Imagine that you have been invited to a friend’s home for dinner. Your friend welcomes you at the door. and you step inside.
Suddenly, your host shouts, “What is the matter with you! Your shoes are all muddy and you’re getting my carpet dirty!”
Embarrassed, you mumble, “Sorry” and remove your shoes.
As you do, you notice the hole in your sock, and so does your friend, who announces, “Geez. Don’t you think you could have dressed properly for dinner? You look like a slob.” As you take your place at the table, your host knocks your elbow off the table with a whispered “tsk, tsk.”
by Elizabeth Pantley, from Perfect Parenting: The Dictionary of 1,000 Parenting Tips
The dinner conversation is primarily your friend’s story about a guest that joined them for dinner last night who had lovely manners and no holes in her socks. The story is sprinkled with your friend’s occasional corrections to your table manners.
When you finish your meal, you stand up, only to hear your friend say, “It sure would be nice if somebody helped clear the table.”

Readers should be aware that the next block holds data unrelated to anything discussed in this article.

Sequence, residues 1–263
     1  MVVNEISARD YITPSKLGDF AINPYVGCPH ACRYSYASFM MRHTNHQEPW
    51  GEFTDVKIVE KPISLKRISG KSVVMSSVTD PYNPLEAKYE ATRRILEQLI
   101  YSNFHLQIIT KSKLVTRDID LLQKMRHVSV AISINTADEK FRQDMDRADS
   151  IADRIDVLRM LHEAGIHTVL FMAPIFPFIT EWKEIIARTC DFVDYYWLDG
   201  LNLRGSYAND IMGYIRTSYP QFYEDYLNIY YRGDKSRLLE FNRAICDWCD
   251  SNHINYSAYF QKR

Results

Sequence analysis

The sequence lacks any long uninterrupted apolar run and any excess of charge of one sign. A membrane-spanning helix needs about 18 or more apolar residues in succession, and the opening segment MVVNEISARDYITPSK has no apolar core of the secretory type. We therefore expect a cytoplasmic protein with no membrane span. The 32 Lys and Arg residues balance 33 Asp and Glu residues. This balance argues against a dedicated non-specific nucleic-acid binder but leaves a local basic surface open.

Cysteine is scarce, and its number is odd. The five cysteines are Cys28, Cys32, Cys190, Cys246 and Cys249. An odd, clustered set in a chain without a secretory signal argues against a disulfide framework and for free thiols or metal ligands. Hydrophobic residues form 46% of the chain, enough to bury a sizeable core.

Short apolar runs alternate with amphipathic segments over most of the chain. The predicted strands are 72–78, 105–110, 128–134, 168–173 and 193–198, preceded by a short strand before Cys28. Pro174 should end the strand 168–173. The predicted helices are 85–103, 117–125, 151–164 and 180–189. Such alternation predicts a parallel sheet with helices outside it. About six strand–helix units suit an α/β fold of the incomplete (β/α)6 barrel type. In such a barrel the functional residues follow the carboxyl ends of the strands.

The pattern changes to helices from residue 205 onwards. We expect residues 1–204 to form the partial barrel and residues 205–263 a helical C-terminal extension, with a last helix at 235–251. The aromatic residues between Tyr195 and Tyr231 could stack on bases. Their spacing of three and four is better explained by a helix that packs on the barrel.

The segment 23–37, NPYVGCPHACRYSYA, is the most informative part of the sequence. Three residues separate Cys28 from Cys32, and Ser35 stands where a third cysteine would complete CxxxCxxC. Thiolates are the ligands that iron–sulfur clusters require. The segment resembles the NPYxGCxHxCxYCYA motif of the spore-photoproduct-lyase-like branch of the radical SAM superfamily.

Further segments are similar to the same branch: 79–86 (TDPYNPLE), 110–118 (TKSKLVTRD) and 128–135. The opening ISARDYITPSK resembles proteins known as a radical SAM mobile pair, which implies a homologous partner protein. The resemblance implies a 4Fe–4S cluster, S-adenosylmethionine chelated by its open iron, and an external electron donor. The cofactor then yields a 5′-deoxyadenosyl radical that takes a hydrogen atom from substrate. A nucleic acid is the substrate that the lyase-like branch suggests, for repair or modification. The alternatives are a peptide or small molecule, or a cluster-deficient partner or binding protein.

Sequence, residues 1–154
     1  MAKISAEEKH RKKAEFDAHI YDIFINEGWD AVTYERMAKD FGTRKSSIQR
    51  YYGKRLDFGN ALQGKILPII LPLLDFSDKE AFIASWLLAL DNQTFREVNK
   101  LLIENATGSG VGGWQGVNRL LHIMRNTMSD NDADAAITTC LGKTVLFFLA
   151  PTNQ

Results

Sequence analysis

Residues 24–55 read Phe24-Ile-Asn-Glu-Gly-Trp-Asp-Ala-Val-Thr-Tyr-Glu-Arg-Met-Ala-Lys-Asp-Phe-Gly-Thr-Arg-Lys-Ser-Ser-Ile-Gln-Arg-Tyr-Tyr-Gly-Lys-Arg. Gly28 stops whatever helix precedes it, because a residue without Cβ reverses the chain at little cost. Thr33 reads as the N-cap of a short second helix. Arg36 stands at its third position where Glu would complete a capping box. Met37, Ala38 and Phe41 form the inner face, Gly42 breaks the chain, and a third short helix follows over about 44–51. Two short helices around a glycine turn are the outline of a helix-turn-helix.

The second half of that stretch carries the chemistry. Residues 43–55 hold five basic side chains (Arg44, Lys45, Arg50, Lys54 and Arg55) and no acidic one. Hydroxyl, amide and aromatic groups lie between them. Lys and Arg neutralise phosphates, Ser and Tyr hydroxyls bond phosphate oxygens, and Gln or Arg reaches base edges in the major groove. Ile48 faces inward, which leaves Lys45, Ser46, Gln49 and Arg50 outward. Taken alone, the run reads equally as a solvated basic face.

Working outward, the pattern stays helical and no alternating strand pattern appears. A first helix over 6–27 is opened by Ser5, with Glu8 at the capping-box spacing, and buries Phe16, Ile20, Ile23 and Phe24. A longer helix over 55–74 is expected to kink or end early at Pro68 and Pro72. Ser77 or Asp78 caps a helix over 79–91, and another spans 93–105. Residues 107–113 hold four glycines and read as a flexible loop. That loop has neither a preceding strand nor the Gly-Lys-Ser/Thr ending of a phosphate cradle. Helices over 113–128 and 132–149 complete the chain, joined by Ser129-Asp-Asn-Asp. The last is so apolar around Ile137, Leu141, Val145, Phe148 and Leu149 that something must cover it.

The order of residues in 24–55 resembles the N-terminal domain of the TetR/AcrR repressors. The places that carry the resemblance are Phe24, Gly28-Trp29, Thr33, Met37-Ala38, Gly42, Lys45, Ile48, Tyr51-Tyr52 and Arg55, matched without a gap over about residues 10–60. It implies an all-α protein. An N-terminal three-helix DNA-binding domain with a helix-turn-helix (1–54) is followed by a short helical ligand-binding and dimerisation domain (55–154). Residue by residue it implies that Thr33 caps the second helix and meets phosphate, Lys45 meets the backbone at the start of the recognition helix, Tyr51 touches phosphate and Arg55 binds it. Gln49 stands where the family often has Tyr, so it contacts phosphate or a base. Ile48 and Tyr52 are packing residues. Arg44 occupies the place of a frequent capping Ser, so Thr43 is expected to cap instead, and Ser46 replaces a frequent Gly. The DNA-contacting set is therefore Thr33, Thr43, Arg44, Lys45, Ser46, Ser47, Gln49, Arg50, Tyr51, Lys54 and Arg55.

I’m sure you get my drift by now. Many parents treat their children in ways that they would never treat a friend. In their efforts to raise respectable children, they become so focused on the end goal that they don’t realize that the primary message coming though to their children is not a pleasant one.
Take a close look at your daily interactions with your children. Make sure that the primary message to them is, “I love you, I trust you, and I respect you.” Children who are confident that they loved, trusted and respected by the important adults in their lives will respond overall in a much more pleasant way.
Building a foundation of love
How do you get this message through to your children?
First, by giving them what they want most from you – your time. It’s much more effective to give small chunks of time every day than to try to pack in a “quality” experience once a month.
Second, give them your ear. Children thrive when they have someone who really listens to them. It’s not as important to give advice and solve problems as it is to just plain listen.
Third, praise and encourage your children daily. Look for reasons, both big and small, to give your children positive feedback.
Fourth, tell them you love them. Tell them you trust them. Tell them you respect them. Use your words, and your actions to convey this most important message of all, “I love you, I trust you, and I respect you.”